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Young Wyatt is frustrated by everyone around him--people who tell him that he's not old enough to anything he wants to do--but he resolves to let them all know that someday he'll be big enough to do everything.
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Wyatt doesn't ask for much. He just wants to play with the big kids sometimes, help his sister wash the car, adopt a puppy. But no matter what he says to his friends and family, the response is always the same: "Quiet, Wyatt!" Sick and tired of being dismissed, Wyatt rebels. From now on, he is not going to say another word--even when, perhaps especially when, a word or two might have been helpful! In amusing rhyme and repetition, Bill Maynard portrays the very satisfying power shift that every small child dreams about. Frank Remkiewicz--illustrator of the popular Froggy series--uses unusual gouache and colored pencil illustrations to create a fantastic backdrop for this plucky boy's expressions, ranging from hopeful to disappointed to stubborn. Young children will recognize the frustrations Wyatt experiences in his effort to be heard, and delight in his ultimate success. (Click to see a sample spread. Reprinted with permission from G.P. Putnam's Sons, a division of Penguin Putnam Books for Young Readers. Text copyright © William H. Maynard, 1999; illustrations copyright © Frank Remkiewicz.) (Ages 4 to 8) --Emilie CoulterFrom Publishers Weekly:
Punchy rhymes come at the expense of the story line in this slim tale. Each time Wyatt acts curious or offers to help, he is met with a rhyming jibe: "Quiet, Wyatt!" His family and neighbors tell him that he's "not big enough" and "not old enough" to fly a model plane, dry a car, fry an egg or buy a pet. Frustrated, Wyatt tries to get attention by shouting, then finally submits to the relentless repetitions of the title refrain. Yet Wyatt has valuable information ("The big kids lost their airplane. Wyatt knew where it was. But Wyatt was quiet"). When he finally breaks his silence to point out a puppy hiding under a truck, Wyatt gains his community's approval. The anticipated refrains follow: thereafter, the kids lend him their toy plane ("Fly it, Wyatt"), his sister lets him dry the car ("Dry it, Wyatt"), his dad lets him make breakfast ("Fry it, Wyatt") and the puppy gets a new home ("Let's buy it, Wyatt!"). Textured paper, in muted shades of olive, rose and blue, provides a ground for grainy colored-pencil lines and gently applied gouache. Pastel-soft settings showcase cartoonishly cute characters, who have oversize, stylized heads on skinny bodies. Maynard and Remkiewicz (previously teamed up for Incredible Ned) make a treacly appeal for indulgence on Wyatt's behalf, with the subtext that children should be seen and not heard until absolutely necessary. Ages 4-8. (June)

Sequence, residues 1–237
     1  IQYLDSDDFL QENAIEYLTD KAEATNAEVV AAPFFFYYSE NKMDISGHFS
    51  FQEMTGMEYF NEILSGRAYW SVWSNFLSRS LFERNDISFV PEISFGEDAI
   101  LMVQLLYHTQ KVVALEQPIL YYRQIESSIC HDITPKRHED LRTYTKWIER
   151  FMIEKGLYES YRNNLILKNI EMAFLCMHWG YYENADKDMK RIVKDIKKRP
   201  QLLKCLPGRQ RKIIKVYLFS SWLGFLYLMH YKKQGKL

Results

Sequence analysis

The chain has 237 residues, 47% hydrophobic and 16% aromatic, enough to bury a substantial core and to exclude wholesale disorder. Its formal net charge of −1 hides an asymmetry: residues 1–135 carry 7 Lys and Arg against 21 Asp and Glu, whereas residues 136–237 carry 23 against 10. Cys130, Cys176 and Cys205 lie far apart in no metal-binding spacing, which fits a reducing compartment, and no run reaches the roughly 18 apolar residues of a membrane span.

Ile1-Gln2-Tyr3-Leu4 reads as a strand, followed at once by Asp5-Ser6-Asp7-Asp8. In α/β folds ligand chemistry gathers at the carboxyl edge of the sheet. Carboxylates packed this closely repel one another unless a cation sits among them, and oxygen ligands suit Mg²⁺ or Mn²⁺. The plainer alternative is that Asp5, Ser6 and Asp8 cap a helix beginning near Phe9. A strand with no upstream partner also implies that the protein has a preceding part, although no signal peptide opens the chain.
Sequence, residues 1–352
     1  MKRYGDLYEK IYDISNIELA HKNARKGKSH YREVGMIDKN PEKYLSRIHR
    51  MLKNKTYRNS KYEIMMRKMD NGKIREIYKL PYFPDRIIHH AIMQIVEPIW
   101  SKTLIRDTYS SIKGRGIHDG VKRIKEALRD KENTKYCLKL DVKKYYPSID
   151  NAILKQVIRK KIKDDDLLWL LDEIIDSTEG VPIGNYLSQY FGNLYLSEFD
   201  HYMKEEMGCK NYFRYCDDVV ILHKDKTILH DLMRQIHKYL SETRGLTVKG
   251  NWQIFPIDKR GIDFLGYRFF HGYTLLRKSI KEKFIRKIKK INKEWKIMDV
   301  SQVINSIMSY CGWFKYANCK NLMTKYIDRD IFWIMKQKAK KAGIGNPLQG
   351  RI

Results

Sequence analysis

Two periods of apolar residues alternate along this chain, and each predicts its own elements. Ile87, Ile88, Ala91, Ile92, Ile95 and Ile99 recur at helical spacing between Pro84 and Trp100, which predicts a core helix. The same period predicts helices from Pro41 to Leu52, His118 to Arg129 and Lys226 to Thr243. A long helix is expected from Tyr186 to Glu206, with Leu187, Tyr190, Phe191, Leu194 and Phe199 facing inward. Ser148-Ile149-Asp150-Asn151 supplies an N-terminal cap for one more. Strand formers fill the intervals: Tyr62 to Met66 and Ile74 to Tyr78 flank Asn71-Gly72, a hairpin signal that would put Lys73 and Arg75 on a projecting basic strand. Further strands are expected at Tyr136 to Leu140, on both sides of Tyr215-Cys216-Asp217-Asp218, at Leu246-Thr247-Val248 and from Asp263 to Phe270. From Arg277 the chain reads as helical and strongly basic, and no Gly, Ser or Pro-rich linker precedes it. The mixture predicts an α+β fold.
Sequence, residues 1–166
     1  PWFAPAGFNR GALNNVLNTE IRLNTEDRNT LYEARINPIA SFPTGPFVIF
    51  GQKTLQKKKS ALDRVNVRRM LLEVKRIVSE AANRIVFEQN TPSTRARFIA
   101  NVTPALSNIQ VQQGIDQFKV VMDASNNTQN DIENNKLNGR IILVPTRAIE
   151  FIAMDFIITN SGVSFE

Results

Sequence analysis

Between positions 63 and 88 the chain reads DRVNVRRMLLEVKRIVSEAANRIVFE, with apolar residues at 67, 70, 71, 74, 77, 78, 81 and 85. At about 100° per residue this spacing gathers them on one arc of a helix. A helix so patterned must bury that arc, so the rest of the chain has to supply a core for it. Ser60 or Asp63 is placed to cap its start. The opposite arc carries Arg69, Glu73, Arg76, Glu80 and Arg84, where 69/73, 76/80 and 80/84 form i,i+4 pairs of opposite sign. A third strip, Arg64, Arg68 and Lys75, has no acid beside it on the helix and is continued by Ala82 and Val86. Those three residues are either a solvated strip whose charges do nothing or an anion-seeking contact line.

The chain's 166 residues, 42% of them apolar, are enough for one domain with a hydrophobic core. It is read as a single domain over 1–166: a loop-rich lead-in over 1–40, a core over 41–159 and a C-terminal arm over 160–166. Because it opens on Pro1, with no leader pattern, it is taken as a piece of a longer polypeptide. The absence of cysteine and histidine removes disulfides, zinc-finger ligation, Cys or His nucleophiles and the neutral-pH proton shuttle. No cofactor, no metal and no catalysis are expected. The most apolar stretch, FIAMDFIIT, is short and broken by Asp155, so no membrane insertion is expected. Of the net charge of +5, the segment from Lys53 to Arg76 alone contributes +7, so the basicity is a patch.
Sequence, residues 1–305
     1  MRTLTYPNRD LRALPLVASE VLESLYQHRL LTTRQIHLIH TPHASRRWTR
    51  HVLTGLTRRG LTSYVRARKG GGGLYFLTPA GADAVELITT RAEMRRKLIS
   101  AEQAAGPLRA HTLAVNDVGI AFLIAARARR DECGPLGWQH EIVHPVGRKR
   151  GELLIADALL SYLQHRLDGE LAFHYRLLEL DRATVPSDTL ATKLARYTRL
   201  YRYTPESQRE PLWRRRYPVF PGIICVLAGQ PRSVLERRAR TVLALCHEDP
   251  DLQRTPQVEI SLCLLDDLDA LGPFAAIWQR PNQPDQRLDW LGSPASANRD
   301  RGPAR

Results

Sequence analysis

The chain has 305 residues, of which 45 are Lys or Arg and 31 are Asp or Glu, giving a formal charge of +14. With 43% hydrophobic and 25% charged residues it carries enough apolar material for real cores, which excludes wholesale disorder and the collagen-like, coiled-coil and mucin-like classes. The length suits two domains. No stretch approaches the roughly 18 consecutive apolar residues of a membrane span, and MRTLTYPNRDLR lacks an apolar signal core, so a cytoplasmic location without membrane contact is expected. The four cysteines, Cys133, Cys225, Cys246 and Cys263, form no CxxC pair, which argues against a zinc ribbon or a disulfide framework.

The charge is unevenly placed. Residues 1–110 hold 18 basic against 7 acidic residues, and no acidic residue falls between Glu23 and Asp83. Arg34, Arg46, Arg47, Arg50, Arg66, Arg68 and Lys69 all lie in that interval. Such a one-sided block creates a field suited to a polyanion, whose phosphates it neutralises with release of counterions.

Copyright 1999 Reed Business Information, Inc.
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Book Description G.P. Putnam's Sons Books for Young Readers. Hardcover. Condition: New. 0399232176 New Condition. Seller Inventory # NEW7.0144146
Book Description G.P. Putnam's Sons Books for Y, 1999. Hardcover. Condition: New. Never used!. Seller Inventory # P110399232176
Book Description Putnam Juvenile, 1999. Hardcover. Condition: New. Seller Inventory # DADAX0399232176